i understand that steve.. so lets say we have distilled water in a fuel cell... the two holes  are filled correct since we do have water and not gas..   this means atomicaly the only way for electrons to get through the water is how?

these words in quote are stans words from his own mouth on one of his videos

"waters has 8 electrons in oxygens  L orbit when it is water..   L orbit has a capacity of 8 electrons.. it dont want anymore electron nor does it want to exchange electrons.. which means it opposes the movement of electrons 78.54 greater then air"

when stan says "movement of electron" what does he mean? does he mean the force of moving an electron out of orbit L?... 
"nor does it want to exchange" is another key term defining the resistance hes tuning to..

The holes you are referring to are the ions present in the water in the form of salts and such. The ions accept the electron from the cathode making the ion net negative and will also have an attraction the the positive plate. When the ion touches the positive plate it gives up the charge(electron) it took from the cathode.

Remember, dielectric values are based on pure substance which water almost never is even close to pure.  Also, a dielectric value is based upon a medium with little or no ionic content. Since ions are natural charge carriers, the presence of them in water make the conductivity overcome any dielectric resistance. So using the basis of 78.XX ohms as an arbitrary point of measurement is mute, that number will not calculate with your real results.

Electrolysis is by far the opposite of ionization. What I see many do is try to put them in the same comparative group. What should be realized is the current in electrolysis is to be the process we do not want to happen. We want liquid to gas ionization with normal tap water or any available water. But all available water has a good amount of ionic content forcing us to find a solution allowing us to attain high voltages without letting the ions take electrons from the cathode. Hence the need for chokes or a capacitive/resistive ground. Think of it this way... The ground is a vast sea of free electrons. If we charge a plate positively, the electrons from the ground will be attracted to it, depending upon the voltage level and the space between the positive plate and the ground. What we are trying to achieve is keeping the free electrons from leaving ground by means of resistance and magnetism or any method that works. That allows us to raise the positive voltage to a higher potential without drawing current from ground and yet bring the positive plate as close to the ground as possible. I like to call it a "capacitive resistive ground". Now, being able to have this high differential between the plates, the medium in that space, whether it be air or water, will be polarized and or ionized from the conditions set forth. It is easily proven with an "air ionizer" experiment to demonstrate one possible method, although air has very little ionic content where as, water has quite a bit, making circuit design less of a challenge.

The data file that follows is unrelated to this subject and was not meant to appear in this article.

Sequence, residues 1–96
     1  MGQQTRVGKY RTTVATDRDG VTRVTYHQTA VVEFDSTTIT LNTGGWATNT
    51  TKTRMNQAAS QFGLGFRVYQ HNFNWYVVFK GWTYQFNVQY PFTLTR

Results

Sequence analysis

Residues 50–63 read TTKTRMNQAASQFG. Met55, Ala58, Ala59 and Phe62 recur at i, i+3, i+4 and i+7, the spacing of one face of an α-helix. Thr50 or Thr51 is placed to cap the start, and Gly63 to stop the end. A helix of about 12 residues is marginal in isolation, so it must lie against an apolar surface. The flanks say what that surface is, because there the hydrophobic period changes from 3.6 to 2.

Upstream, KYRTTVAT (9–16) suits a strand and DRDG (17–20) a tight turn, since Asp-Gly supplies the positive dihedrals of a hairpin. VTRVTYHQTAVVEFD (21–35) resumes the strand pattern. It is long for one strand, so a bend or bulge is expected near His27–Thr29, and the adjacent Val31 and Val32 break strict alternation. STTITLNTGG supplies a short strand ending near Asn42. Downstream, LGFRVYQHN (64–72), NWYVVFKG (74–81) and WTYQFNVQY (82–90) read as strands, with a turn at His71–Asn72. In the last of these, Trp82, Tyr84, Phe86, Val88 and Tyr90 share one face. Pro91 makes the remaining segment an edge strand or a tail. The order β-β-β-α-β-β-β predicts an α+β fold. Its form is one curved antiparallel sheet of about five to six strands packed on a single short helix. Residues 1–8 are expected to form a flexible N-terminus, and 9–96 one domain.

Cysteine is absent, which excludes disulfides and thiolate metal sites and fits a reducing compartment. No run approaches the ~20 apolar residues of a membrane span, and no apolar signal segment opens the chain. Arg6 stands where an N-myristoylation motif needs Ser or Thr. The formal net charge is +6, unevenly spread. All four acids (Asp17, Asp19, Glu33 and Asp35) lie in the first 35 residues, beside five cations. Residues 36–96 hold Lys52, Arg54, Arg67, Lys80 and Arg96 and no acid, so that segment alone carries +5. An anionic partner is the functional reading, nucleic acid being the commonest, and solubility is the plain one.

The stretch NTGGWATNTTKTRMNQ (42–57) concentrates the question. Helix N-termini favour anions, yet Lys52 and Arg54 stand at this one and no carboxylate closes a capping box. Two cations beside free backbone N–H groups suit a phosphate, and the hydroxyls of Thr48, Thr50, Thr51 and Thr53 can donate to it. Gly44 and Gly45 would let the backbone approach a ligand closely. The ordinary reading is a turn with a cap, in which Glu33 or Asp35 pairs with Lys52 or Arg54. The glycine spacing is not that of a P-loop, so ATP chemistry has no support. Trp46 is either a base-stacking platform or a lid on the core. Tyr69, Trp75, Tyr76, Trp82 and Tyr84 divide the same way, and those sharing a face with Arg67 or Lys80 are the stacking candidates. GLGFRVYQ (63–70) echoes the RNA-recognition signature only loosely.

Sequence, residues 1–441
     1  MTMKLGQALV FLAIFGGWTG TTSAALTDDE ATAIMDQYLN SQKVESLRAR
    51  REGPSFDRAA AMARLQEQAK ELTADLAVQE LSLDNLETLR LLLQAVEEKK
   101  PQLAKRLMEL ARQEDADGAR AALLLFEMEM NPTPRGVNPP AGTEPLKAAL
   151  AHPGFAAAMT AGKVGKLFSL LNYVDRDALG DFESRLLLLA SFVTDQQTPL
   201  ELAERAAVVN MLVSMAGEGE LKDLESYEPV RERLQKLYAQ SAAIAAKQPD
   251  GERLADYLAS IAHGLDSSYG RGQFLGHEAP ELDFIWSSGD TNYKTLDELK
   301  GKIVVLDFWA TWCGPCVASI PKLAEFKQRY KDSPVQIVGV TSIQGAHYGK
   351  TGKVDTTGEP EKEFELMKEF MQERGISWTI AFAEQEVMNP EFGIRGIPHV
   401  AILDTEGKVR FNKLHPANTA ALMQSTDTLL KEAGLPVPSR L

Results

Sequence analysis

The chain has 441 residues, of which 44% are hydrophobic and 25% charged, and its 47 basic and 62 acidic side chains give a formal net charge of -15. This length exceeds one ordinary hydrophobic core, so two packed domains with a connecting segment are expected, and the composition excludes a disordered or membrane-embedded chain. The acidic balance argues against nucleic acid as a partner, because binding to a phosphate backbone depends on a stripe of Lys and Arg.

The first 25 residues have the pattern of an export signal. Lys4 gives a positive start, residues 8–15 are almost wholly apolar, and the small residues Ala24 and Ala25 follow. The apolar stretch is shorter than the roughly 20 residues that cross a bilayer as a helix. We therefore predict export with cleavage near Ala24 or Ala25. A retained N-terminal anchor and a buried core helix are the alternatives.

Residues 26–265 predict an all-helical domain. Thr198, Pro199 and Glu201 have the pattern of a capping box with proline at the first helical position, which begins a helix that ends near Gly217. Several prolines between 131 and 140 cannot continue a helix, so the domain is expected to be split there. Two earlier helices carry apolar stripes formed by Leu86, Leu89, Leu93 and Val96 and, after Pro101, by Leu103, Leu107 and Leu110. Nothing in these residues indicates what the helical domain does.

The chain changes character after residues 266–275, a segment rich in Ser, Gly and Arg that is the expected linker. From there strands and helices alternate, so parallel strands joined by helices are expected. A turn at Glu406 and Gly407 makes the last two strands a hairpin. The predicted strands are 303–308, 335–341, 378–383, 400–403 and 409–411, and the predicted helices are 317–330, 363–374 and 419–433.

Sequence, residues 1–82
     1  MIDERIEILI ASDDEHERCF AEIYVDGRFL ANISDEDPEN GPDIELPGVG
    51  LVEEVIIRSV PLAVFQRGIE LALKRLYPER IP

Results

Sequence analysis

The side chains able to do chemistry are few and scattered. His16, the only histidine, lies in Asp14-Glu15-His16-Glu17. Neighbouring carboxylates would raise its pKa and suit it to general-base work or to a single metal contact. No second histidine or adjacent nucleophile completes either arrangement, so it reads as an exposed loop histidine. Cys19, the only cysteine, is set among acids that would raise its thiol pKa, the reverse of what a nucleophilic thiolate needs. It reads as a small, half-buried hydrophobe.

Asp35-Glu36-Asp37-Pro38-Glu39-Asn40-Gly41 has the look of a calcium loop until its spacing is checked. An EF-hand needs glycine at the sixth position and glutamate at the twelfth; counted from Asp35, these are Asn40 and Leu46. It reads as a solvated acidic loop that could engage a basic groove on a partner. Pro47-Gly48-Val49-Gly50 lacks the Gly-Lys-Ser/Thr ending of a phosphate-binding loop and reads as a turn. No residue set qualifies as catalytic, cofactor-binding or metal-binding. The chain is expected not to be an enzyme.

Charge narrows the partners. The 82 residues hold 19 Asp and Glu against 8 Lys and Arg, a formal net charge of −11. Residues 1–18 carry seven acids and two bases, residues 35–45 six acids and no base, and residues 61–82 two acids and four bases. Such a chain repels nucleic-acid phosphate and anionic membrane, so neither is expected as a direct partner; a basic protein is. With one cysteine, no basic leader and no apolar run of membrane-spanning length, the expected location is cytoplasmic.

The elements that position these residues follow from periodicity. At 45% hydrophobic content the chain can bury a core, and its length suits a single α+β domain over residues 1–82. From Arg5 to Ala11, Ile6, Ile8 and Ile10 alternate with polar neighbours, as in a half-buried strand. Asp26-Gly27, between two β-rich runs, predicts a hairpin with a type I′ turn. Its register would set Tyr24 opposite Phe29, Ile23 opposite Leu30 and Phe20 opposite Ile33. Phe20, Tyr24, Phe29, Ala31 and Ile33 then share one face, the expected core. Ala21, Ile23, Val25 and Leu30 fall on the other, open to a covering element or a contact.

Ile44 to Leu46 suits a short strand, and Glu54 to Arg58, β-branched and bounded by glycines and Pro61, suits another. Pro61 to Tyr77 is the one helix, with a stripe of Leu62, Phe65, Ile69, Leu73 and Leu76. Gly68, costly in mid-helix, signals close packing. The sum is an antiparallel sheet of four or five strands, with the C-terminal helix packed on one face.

How much energy does it take to strip one electron from hydrogen, oxygen, and nitrogen? What is the most efficient means of ionizing a medium to force it to eject electrons from their orbits?
Title: Re: the dielectric property of water
Post by: Login to see usernames on May 25, 2010, 21:22:48 pm
Hello guys,

I discovered another mean for resonance... in quantum physics the electrons that bounds the molecules together move from molecule to other molecule all the time and this is also called resonance. Example you have a aromatic Hydrocarbon molecule witch is closed and witch have 3 double bounds and 3 single bounds, the electrons (cloud) in the bounds are known to change position inside the molecule all the time.

I was guessing today if stan was not meaning by resonance only the self ionization of water induced by voltage...


Hi outlawstc

He meant the resistance of the movement of the ion. As water have 10 electrons and all them are bounded there is no free electron to move.

the 78,54 is the dielectric constant, witch dictates the rate of electrons or coulombs of charge it need to hold to build up 1 volt.

The water molecule have 10 electrons and this is the reason why its so polar. As the oxygen aways want electrons this electrons get closer to him actually in its orbit and it leave the hydrogen as tips glued on him.

By holes i wanted to mean that when you have oxygen gas and you ionize it negatively you fill one of this two holes, lets say it start having 9 electrons instead of 8, thus every oxygen would want to link up with one hydrogen. Otherwise what i was trying to say also was that if you could instead ionize it positively lets say taking from it 1 electron making it have 7 instead of 8 electrons, it would like to link with 3 hydrogens, and this would lead to not reform water entirely as you see below.

Example (the extra oxygen come from atmosphere):
If you take 2 moles of hydrogen and 1 mole of oxygen you have 1 mole of H20    Reforming water normally 18g per mole
If you take 2 moles of hydrogen and 2 moles of oxygen you have 2 moles of OH-  Reforming more water than H2 would normally happen 34g per mole of water
If  you take 3 moles of hydrogen and 1 mole of oxygen you have 1 mole of H3O+ Reforming less water than H2 would normally happen... 19g per mole of water